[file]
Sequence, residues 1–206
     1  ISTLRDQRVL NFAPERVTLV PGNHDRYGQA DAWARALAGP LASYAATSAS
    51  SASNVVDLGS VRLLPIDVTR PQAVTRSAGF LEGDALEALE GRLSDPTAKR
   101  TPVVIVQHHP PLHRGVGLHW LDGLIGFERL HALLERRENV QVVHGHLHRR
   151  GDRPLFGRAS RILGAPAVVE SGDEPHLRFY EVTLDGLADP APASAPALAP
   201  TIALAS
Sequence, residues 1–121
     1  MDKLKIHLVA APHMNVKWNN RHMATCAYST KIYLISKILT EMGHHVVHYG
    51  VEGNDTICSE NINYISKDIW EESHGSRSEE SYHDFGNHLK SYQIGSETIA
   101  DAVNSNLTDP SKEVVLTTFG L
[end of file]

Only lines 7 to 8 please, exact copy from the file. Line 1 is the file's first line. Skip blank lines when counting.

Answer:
Sequence, residues 1–121
     1  MDKLKIHLVA APHMNVKWNN RHMATCAYST KIYLISKILT EMGHHVVHYG